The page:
history

The Comstock Bridge Gets a Bad Facelift

This summer I spent some time down at Salmon River. I noticed that a bunch of work was being done where the Comstock Bridge would normally be, but that didn’t strike me as strange. I mean, it’s old…it needs help sometimes. But then the other day, Dr. Gold sent me a text asking me to do a story about the rebuilding of the bridge. Apparently last winter’s ridiculous amount of snow did a number on the bridge. Thought to be one of two original covered bridges in the State, it’s kind of a big deal when it gets an overhaul. The incarnation we’re all familiar with is thought to date back to 1893 and the good Doctor is all riled up about the makeover.

According to an article on EastHaddamToday.com¬†the goal was to reuse as much of the old materials as possible. According to Dr. Gold, that didn’t amount to enough. The easiest place to see the difference is in the color of the bridge.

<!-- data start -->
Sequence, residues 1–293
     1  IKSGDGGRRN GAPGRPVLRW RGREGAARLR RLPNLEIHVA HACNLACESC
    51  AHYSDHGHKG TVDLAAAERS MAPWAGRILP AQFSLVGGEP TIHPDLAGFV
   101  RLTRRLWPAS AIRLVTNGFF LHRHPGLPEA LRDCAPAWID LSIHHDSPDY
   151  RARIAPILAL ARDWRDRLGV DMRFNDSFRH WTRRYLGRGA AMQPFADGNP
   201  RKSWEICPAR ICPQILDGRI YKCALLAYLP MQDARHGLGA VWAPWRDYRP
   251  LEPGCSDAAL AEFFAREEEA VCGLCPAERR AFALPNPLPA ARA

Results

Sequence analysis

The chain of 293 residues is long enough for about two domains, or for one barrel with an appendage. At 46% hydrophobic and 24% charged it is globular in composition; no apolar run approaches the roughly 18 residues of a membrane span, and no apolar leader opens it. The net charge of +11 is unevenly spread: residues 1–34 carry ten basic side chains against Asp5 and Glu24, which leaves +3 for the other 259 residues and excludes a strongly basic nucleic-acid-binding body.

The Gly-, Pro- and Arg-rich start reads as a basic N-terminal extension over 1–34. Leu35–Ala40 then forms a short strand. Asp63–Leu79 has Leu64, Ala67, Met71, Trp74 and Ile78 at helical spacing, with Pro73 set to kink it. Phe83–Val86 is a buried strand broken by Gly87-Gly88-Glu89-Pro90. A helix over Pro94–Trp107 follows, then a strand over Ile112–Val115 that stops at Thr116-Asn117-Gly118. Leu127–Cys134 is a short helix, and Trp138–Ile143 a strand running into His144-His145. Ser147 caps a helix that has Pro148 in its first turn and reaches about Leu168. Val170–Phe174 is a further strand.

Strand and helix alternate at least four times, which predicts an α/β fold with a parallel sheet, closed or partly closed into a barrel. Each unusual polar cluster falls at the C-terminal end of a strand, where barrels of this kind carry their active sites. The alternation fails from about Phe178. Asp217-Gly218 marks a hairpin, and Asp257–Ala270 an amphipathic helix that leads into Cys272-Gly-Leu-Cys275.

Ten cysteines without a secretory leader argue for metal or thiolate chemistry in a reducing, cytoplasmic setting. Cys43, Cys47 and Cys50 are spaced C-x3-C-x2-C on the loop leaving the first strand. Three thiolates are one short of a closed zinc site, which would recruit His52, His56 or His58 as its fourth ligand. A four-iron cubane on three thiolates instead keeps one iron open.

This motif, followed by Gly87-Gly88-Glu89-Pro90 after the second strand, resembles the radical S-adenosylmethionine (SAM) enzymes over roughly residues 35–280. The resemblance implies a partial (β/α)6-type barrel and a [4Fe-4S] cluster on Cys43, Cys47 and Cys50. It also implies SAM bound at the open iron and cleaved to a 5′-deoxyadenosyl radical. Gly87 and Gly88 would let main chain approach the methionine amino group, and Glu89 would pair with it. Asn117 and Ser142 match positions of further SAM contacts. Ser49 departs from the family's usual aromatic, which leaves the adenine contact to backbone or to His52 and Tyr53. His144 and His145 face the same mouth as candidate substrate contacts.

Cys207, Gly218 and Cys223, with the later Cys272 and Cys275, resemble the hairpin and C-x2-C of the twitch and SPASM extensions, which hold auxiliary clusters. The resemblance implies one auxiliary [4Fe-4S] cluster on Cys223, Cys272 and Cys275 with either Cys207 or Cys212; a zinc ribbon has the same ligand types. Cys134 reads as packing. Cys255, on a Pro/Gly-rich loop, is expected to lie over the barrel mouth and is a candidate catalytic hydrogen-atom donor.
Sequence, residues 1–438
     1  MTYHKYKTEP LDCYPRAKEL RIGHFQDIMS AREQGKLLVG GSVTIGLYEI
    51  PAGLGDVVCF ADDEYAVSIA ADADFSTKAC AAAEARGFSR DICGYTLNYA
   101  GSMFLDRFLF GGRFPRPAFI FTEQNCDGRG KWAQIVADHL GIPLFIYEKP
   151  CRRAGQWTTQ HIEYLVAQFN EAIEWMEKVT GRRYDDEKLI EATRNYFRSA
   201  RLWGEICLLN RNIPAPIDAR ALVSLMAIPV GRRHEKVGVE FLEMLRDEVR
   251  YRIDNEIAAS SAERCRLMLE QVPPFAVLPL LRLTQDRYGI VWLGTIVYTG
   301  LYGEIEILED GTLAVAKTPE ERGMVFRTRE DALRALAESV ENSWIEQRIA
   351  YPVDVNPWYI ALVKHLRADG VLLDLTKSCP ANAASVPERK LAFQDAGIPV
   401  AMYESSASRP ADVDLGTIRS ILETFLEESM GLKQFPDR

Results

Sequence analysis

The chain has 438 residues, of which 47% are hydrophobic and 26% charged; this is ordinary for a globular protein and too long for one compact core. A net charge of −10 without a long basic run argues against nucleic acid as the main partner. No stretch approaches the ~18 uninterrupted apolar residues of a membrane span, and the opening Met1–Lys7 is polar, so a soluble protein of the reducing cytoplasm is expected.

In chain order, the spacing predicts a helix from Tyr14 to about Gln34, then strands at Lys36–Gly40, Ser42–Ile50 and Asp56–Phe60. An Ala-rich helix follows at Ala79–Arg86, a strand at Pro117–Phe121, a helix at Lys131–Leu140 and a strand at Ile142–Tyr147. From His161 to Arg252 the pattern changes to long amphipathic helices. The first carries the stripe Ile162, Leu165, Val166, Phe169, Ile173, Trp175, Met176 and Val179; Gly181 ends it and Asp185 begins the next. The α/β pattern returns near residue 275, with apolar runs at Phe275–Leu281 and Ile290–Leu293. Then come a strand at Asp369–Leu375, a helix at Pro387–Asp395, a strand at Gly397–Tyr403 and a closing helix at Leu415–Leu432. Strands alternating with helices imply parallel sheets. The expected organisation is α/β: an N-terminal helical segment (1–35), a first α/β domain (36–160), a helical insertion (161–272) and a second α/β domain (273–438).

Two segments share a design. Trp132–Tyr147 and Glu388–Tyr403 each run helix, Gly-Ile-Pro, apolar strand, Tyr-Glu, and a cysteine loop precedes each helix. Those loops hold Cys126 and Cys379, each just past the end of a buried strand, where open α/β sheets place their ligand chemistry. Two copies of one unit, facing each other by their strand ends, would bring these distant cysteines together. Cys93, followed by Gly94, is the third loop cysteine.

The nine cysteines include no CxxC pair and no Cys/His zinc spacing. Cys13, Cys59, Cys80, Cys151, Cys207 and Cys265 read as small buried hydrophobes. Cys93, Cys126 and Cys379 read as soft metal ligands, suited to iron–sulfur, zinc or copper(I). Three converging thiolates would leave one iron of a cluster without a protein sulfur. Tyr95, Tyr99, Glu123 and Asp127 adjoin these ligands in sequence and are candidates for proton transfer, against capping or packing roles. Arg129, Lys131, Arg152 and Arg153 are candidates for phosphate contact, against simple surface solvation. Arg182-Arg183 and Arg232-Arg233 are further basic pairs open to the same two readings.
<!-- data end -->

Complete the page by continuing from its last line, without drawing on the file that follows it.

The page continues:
Before: See all that lovely gray wood?

After: No more patina ūüė¶

According to Dr. Gold, “I think the worst part of the restoration is that the old beams in the inside are gone. They said in that article that they are trying to use the original materials, but when I walked through, they haven’t used much of the old wood at all. It looks pretty brand spanking new. They are not completely done, but I’m not holding out much hope for it being anywhere as nice as it used to be. The only thing that it looks like they saved is the criss cross doors.”

We're willing to go out on a limb and call these the most photographed doors in Connecticut.